Suffering is hard for any of us to deal with. Especially when we throw in a theology that says God plans for that suffering. Randy Alcorn attempts in this work to pull the jagged edges of his wounds together and suture the uncertainty of God’s choices. Theological differences aside, I still found this view of suffering and God’s involvement in my suffering to be hard to swallow.
When I am given any kind of religious text I have to take a lot of “lens” out of my mental workout bag to look through. I think it is hard for any seminarian to not have a whole range of perspectives to see these texts through because we were taught to look at texts in this way because we had a responsibility to our prospective congregation to be that prepared. I took this review with the same feeling of responsibility and had to think about how I was going to communicate such a heavy perspective to my audience and whether ultimately this text is worth exposing young ones too.
Alcorn works very hard to help the reader understand that his perspective is a unique one and that this work was more to help him define that perspective than to instruct others to follow that same path. Suffering and pain forever change us and our view of the world around us; sadly that is often our best teacher in the area of pain. This view of the necessity of experience to survive tragedy is a strongly held belief amongst a lot of people in society and I can’t say that I disagree. Where I had a hard time in this text was where suffering as a period of life immediately became the presence of evil and a cosmic battle against that evil. This is a big gap that was forged in this text with little set up and left me very confused. When evil is defined as, “a fundamental departure from goodness,” that is certainly easy to follow as a protestant in America. (Alcorn, 2010) Where it got really hairy for me was when that definition transformed into, “Short term suffering serves as a warning and a foretaste of eternal suffering. Without a taste of Hell, we would not see its horrors nor feel much motivation to do everything possible to avoid it.”(Alcorn) I find this leap from a solid definition of evil to a theology of fear to be way too large for me to cross with Alcorn. Do I believe that this viewpoint is not widely held by a lot of people? Of course not; I know there are many that live their faith out in such a way to avoid Hell and increase their place in Heaven. I am not condemning either way, I am merely a man stuck in the middle looking at this path laid out by Alcorn and seeing it to be not very appealing compared to the way I have grown through my own faith.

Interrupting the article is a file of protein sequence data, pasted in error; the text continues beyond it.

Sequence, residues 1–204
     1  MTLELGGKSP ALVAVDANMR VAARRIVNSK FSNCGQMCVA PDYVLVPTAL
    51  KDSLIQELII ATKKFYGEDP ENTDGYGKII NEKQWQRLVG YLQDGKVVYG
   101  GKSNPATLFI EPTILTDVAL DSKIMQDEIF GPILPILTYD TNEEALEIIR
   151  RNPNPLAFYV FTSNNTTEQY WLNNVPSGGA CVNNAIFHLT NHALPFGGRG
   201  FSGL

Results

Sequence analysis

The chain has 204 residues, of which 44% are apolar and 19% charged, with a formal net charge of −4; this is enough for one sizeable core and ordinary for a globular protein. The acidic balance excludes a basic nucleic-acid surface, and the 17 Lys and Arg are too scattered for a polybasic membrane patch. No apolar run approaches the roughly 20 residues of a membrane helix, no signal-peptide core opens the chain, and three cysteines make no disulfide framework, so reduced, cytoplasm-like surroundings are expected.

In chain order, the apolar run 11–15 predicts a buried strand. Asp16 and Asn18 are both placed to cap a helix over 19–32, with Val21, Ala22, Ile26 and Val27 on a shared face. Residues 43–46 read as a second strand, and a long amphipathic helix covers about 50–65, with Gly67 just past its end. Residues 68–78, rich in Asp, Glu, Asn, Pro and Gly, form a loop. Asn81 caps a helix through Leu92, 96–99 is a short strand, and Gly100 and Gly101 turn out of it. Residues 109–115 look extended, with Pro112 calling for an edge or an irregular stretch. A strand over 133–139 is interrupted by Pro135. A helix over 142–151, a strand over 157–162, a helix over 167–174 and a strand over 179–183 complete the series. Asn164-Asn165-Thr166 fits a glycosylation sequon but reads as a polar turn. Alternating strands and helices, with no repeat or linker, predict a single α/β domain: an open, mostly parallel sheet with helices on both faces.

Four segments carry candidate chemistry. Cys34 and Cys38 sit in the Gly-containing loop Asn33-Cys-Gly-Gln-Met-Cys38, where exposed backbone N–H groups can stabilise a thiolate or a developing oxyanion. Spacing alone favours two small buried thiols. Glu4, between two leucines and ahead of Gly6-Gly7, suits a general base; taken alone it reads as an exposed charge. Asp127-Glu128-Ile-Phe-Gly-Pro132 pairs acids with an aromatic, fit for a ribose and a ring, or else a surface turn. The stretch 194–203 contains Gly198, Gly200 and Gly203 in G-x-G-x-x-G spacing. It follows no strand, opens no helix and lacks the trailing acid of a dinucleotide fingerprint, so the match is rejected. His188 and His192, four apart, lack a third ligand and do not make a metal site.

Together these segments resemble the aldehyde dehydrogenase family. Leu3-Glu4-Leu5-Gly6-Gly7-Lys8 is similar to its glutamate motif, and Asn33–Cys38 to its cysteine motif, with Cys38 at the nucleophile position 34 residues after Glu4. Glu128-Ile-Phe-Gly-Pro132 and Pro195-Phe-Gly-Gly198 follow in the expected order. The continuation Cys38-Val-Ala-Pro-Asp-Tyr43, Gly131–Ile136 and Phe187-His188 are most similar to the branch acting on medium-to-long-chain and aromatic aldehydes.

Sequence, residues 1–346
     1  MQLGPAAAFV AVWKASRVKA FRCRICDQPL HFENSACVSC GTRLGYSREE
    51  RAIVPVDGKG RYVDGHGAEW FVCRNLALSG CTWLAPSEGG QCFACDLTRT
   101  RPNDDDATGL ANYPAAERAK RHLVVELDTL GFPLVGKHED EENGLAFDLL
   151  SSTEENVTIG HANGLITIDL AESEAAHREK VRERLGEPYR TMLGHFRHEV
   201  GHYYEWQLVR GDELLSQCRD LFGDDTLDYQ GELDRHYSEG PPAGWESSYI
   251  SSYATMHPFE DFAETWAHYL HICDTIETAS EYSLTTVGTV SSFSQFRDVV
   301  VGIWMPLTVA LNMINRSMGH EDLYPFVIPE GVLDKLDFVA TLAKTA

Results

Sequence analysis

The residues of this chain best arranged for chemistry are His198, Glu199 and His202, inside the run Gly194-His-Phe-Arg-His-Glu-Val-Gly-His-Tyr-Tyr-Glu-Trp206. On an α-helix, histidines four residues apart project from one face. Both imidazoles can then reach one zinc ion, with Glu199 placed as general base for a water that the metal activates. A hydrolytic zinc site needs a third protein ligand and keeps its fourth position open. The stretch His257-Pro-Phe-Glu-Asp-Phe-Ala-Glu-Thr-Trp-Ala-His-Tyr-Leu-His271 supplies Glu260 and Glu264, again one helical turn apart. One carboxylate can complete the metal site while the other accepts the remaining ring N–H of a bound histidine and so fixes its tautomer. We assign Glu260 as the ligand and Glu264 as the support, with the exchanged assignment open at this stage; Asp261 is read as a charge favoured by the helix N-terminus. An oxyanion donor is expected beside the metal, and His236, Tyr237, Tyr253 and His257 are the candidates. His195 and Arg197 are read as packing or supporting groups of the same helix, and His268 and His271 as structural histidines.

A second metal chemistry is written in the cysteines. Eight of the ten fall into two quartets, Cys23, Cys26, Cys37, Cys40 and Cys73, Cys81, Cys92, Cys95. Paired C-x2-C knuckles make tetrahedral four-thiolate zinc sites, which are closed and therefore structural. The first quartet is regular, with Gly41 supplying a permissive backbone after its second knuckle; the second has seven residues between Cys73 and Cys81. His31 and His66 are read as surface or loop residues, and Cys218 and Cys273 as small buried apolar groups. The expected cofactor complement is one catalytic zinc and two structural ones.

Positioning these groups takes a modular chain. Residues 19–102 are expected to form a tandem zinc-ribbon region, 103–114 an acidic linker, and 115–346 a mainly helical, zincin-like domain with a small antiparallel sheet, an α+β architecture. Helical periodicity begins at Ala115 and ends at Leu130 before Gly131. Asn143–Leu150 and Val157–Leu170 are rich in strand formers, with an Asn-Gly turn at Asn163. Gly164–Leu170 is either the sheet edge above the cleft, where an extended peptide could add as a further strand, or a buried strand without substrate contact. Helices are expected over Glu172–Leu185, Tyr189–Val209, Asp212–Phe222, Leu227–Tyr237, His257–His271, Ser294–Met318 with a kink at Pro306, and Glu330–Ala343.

I recommend The Goodness of God to those that are willing to ford these issues of suffering and introspection; but, to the average man of faith out there I think this is a tad too heavy to go alone. Accountability groups of book studies would have a wonderfully full experience with this work with an experienced facilitator. This work is not one to lead your family through as a topic of growth. Nor would it be developmentally appropriate for any children below college age to try and grapple these topics. With these caveats established, I believe with Alcorn that this work was more of a cathartic exercise than a system of theology and that the average person of faith should probably work through their basic values and beliefs of their faith before they tackle such a heady and sticky subject as pain and suffering.
The opinions expressed are those of the author, who received no compensation other than the complimentary copy of the title reviewed.
Chris Weber is a school liaison. He and his wife make their home in Azle, TX.
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